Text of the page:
Wednesday, May 22

Dahle, Tan go head to head for USAC presidency


SURE hopefuls wants to break from council's status quo

By Marcelle Richards

DAILY BRUIN SENIOR STAFF

[email protected] David Dahle, presidential candidate for
Students United for Reform and Equality, is touting goals to
represent the entire student body next year despite pulling a
“hand-picked” slate of On Campus Housing Council
members behind him. Like his opponent, Dahle supports student
advocacy, the BruinGo! program and more triples as an alternative
to living in study lounges on campus. The rest of his slate’s
platform is built in opposition to USAC’s status quo. He said
the current council represents only certain sectors of campus
““ most of it reflective of Student Empowerment!’s
ethnic group constituents ““ and next year needs to include
the rest. “We all agree Student Empowerment! is not the
standard of how USAC should be run,” he said.

Defining representation A self-defined leader of a reactionary
slate, Dahle is pushing to make USAC visible to those he feels have
been neglected this year. “The priority has to be the whole
campus, not just your own group,” he said. When asked how his
slate ““ heavily represented by those working with campus
housing and a Greek or two ““ is different from Student
Empowerment!, he explained: “The difference is, we
don’t have an agenda that’s going to be
exclusive.” Dahle, who is half-Vietnamese, broke from the
Vietnamese Student Union, with which he did volunteer work last
year. At a student groups endorsement hearing last week, he
received flak from VSU for saying he did not know all the issues of
the community but would support them. “It’s like
Voltron,” he said, explaining that the president needs to be
the one to bring student group leaders together to serve students.
Working along these lines, he plans to help the Indian Student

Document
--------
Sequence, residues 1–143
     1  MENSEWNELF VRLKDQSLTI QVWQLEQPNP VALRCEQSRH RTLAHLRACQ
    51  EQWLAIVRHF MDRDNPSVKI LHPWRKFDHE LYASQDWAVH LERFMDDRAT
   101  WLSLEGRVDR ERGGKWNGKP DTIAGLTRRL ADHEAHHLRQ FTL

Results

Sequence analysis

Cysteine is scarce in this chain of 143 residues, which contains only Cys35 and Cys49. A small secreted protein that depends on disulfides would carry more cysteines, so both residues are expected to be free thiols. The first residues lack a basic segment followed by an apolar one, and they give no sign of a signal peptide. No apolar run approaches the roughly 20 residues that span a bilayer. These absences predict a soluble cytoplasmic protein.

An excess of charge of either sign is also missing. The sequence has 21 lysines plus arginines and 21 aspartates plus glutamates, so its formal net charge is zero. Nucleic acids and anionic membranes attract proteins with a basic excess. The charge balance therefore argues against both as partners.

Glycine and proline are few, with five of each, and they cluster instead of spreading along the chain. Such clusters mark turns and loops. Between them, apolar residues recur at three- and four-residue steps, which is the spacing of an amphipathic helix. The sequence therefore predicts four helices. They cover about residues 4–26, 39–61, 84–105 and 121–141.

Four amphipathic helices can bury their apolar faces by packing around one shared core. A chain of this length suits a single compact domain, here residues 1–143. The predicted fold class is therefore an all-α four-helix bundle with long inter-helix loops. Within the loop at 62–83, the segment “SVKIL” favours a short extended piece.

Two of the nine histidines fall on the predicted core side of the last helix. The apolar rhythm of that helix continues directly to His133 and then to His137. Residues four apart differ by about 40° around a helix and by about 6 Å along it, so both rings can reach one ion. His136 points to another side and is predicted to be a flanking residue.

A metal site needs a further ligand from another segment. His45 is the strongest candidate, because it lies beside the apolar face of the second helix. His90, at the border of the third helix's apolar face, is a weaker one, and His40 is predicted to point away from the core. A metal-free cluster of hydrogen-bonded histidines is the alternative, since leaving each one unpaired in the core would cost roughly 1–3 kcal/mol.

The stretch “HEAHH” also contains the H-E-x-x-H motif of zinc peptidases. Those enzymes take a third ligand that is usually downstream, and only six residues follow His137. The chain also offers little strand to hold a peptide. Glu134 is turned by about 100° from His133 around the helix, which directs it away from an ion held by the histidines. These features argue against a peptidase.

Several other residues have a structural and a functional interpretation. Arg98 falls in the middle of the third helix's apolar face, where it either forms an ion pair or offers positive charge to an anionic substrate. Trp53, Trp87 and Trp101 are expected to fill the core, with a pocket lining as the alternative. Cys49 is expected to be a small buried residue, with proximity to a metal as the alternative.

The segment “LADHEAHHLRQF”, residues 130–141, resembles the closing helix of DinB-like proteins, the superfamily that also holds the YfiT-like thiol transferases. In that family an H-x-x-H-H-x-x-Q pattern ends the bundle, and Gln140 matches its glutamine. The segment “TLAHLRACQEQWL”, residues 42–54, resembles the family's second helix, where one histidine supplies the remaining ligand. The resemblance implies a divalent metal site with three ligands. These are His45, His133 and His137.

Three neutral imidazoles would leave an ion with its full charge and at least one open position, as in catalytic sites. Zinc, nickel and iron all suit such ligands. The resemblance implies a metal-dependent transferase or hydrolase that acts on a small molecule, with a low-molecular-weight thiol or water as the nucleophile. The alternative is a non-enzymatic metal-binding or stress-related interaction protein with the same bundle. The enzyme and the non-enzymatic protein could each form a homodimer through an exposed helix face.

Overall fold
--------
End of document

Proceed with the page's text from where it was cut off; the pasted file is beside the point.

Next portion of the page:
Union pursue a South Asian studies program next year. Soliciting
student opinion As general representative this year, Dahle started
and will continue a randomized survey via e-mail to gather student
opinion. It’s a tactic he’s ingrained in the rest of
the slate. Fellow members have said they would not act on an issue
unless students, as shown through a poll or survey, indicate that
they approve. Dahle admits he may have hammered the notion in too
hard, but said he will take action and solicit opinion at the same
time. His claim to fame, a product of the survey, is the crosswalk
to be put at the base of the “rape trail” by the dorms.
Dahle is also pushing to hold USAC meetings in the afternoon and
office hours on Bruin Walk in order to make it easier for students
to find out and speak out about USAC. He said he also contacted
groups not involved in USAC, such as the ISU, to let them know how
to apply for funding in the future.

Funding by the tier, and donors Having the tightest budget on
council this year at just over $1,000, Dahle is out to trash the
current system for a new one. “The problem is the budget
review committee makes proposals that are totally arbitrary,”
he said. According to finance committee chair and internal vice
president candidate T.J. Cordero, who sponsored a multiple van trip
to Berkeley for fellow Samahang members, the allocations are based
on the quality of presentation and of programming. The problem is
that new or small groups do not get much money and cannot put on
“quality” programming, which makes it a Catch-22, Dahle
said. He wants to implement a tier system, which would give the
largest, most established groups on the top tier the most funding,
but at a flat rate. The groups at the bottom would be the newest,
with least funding, but would have the chance to move up the tiers
as they grow. Citing stagnant USAC funding the past several years,
Dahle’s also making a move to get USAC on the list of groups
to which donors may choose to contribute.

Stances on academic issues Dahle supports enrollment caps in
admissions since he feels priority should be placed on students
here now. Overcrowding makes it necessary, he said. The Hill is
busting at the seams, and students are forced to sit on the floors
of many classrooms ““ it’s just the beginning of Tidal
Wave II, the expected flow of 60,000 students to UC over the next
several years. He has yet to decide whether he supports the
semester or quarter system. If administrators are pushing the
semester system to get students out faster, he said he will oppose
it; if the semester is better in terms of retention, he will
approve it. Like most candidates, Dahle also approves of a
diversity requirement, which he would like to see focused on
ethnic, cultural and social justice issues.

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